Prior to the filing of this lawsuit, Purdue sued Teva Pharmaceuticals, USA, Inc. in the Southern District of New York, for infringement. Purdue alleged that Teva's generic drugs infringed U.S. Patent Nos. 7, 674, 799 (“the '799 patent”), 7, 647, 800 (“the '800 patent”), and 7, 683, 072 (“the '072 patent”) (collectively, “the low-ABUK patents”). Teva argued that the asserted claims of the low-ABUK patents were invalid. See In re OxyContin Antitrust Litig., 994 F.Supp.2d 367, 376 (S.D.N.Y. 2014) (“Teva”).

         On January 14, 2014, after a twenty-day bench trial, Judge Sidney H. Stein issued findings of fact and conclusions of law in a lengthy memorandum decision. See Teva, 994 F.Supp.2d at 376. In substance, Judge Stein found that each of the asserted claims was invalid as obvious in light of the prior art.

         Judge Stein reviewed the history of the claimed invention at some length. Id. at 384-87. He noted that Purdue had been attempting to find ways to reduce 14-hydroxy levels in its oxycodone since at least 2001. Id. at 384. He further noted:

         To manufacture oxycodone, Purdue employed these steps:

[F]irst, it oxidized thebaine, a derivative of the opium poppy, to form 14-hydroxy; second, [it] hydrogenated the 14-hydroxy to form oxycodone free base; and third, it added hydrochloric acid to form oxycodone hydrochloric salt.

         Purdue's initial efforts to reduce 14-hydroxy focused on the second step of the synthesis. Id. at 385. Purdue assumed that “the unwanted 14-hydroxy in the end product was merely leftover 14-hydroxy that had not been hydrogenated in [the] second step.” Id. It attempted to ensure that the hydrogenation process was complete, and appeared to have eliminated or nearly eliminated all the 14-hydroxy. Id. But when it finished the third step-adding hydrochloric acid to form a salt-it tested the product “and found that the 14-hydroxy had returned in vast quantities.” Id.

         After experimentation and analysis, Purdue discovered that the “culprit” was 8α, which transformed into 14-hydroxy during the process. Id. at 387. It then developed a dehydration process with two levels of hydrogenation, which permitted the production of oxycodone with 14-hydroxy levels less than 10 ppm. Id. The second hydrogenation process occurred after the third step-that is, after the oxycodone free base had been converted to oxycodone hydrochloric salt. Id.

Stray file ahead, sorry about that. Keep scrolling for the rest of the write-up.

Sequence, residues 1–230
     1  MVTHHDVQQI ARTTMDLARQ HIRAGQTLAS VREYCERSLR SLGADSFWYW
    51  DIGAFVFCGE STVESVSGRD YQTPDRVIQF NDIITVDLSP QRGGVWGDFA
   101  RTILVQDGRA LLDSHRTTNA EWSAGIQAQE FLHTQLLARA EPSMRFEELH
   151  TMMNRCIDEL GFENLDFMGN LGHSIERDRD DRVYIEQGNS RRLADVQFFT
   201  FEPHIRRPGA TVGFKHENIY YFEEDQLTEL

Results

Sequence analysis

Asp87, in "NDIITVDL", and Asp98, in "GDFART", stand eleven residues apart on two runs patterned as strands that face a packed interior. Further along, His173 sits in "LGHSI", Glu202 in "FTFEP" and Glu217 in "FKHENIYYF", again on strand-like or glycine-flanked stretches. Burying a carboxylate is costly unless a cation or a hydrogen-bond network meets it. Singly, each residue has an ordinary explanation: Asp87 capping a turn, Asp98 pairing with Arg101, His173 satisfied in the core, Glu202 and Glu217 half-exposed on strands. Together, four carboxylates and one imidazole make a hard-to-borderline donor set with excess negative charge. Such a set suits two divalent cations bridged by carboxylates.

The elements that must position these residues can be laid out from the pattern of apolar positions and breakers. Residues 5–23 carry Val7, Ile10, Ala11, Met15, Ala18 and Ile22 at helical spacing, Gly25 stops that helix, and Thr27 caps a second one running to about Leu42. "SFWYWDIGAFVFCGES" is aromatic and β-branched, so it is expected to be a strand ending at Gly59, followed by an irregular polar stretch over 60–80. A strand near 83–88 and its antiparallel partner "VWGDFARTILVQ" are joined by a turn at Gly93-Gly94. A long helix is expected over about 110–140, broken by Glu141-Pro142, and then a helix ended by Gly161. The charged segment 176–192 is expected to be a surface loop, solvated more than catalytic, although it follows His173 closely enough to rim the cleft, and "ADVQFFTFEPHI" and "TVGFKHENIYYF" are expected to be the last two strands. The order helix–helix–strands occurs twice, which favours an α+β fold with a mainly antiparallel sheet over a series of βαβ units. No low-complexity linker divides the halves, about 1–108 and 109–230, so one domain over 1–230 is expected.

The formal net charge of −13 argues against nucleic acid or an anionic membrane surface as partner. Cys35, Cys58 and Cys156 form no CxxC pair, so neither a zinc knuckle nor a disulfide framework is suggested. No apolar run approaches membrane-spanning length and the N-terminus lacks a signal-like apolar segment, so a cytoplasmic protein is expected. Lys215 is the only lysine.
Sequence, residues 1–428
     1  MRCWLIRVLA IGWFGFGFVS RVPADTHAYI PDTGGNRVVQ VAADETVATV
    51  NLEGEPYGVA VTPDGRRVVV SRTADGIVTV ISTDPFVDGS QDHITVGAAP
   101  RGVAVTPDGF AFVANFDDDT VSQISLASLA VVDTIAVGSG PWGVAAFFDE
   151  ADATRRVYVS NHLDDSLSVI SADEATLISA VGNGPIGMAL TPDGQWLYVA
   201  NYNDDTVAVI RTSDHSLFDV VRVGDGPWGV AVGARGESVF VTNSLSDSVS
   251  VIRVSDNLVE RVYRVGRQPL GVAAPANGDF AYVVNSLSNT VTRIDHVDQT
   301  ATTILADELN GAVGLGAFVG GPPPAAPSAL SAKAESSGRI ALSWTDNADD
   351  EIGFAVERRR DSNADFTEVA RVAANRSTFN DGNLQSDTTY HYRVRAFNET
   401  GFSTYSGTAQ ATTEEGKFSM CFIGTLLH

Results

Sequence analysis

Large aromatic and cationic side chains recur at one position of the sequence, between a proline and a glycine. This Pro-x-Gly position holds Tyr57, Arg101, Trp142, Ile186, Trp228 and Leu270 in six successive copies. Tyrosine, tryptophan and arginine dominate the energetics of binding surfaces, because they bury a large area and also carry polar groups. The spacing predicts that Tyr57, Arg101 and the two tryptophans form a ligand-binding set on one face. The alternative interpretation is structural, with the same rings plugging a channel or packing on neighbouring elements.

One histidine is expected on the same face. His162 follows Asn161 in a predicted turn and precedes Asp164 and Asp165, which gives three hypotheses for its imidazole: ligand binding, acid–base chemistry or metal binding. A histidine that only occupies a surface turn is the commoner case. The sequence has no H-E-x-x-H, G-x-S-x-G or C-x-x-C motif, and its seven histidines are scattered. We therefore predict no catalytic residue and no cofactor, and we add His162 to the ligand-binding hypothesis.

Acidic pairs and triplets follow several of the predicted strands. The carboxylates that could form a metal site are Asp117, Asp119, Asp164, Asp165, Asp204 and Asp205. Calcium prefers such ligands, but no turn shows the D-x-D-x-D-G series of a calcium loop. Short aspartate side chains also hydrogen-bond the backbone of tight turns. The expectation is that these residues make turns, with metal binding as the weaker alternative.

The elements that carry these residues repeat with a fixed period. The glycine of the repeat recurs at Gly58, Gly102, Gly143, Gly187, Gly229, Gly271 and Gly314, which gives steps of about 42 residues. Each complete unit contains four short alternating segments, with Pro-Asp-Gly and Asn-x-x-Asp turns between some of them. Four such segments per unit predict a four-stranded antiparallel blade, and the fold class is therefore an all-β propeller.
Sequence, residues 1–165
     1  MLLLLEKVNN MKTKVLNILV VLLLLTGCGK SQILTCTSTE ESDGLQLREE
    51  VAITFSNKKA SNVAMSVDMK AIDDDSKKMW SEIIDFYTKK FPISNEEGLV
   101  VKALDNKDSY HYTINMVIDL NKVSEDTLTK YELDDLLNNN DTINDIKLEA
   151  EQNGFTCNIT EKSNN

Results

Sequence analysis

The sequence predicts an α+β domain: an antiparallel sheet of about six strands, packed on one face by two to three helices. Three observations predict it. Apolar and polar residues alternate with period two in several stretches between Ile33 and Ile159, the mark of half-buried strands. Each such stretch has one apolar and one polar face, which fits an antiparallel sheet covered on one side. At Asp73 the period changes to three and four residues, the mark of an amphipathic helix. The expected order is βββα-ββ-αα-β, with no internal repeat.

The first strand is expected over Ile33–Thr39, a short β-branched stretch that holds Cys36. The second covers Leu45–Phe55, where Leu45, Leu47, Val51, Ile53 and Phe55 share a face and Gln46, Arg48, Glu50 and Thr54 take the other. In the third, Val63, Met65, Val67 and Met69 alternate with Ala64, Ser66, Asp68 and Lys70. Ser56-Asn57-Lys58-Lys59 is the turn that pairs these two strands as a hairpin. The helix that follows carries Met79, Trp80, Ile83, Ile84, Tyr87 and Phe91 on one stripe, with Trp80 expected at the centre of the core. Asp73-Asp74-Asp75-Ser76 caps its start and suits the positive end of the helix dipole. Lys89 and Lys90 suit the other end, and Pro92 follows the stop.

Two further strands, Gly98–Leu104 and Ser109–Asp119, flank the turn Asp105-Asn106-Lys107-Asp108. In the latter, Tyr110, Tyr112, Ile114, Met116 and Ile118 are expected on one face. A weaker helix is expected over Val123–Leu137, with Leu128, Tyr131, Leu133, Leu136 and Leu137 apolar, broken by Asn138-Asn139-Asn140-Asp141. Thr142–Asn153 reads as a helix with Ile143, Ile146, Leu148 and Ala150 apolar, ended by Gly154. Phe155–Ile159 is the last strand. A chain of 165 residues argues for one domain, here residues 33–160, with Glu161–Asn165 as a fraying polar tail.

In substance, the claims at issue consisted of an oxycodone salt with extremely low levels of 14-hydroxy. See Id. at 376. Judge Stein found that one significant difference between the prior art and the asserted claims was that “the prior art did not disclose the existence of 8α or teach that it converts to 14-hydroxy.” Teva, 994 F.Supp.2d at 397. He observed that “8α was unknown in the prior art: its very existence was unexpected.” Id. at 401. However, that difference between the low-ABUK patents and the prior art did not save them from being held invalid on obviousness grounds.

         Because all of the asserted claims were product-by-process claims, Judge Stein "considered] only the product limitations of [the] claim, not process limitations or source limitations that add no patentable significance to the end product." Id. at 403.[5] "As a matter of law, the 8a-derived limitation . . . [was] disregarded as a process limitation" in determining validity. Id. at 405. Thus, Judge Stein "assesse[d] the validity of the low-ABUK oxycodone API [that is, active pharmaceutical ingredient] product-and its various purity and oral dosage form limitations-not oxycodone API with 14-hydroxy obtained from 8a." Id. at 403.

         Judge Stein found that the invention would have been obvious to a person of skill in the art. Id. at 403-04. First, he concluded that skilled artisans had a reason to develop low-ABUK oxycodone, principally because the FDA had communicated a desire to reduce such impurities in oxycodone. Id. at 404. Second, he concluded that "[f]aced with the problem of excess 14-hydroxy in oxycodone . . ., ordinary skilled artisans would have considered solving the problem by using hydrogenation." Id. Third, he concluded that "[i]t would have been 'obvious to try' to use hydrogenation after the salt formation step." Id. at 405. Fourth, he concluded that "[t]he patent claims extend to the obvious, even if they could be practiced in a nonobvious way." Id. at 406-07. Finally, he concluded that "the secondary considerations do not demonstrate nonobviousness." Id. at 407.

         As to the third point, Purdue contended that the "recognition of 8a as a source of 14-hydroxy in oxycodone salts permitted the inventors to conclude that the application of a hydrogenation step after a salt formation step would produce low-ABUK oxycodone." Id. at 405. Judge Stein disagreed. First, he concluded that the discovery of 8a was "immaterial to the low-ABUK product claimed by the patents." Id. That was true as a matter of law (because he disregarded process limitations) and as a matter of fact (because "identification of a source of the 14-hydroxy in the end product does not have any effect on the structure or nature of the end product."). Id. Second, he concluded that "8a proved largely irrelevant to the process used by Purdue to obtain the product claimed by the patents," because "the low-ABUK process hinges on hydrogenation-not on 8a." Id.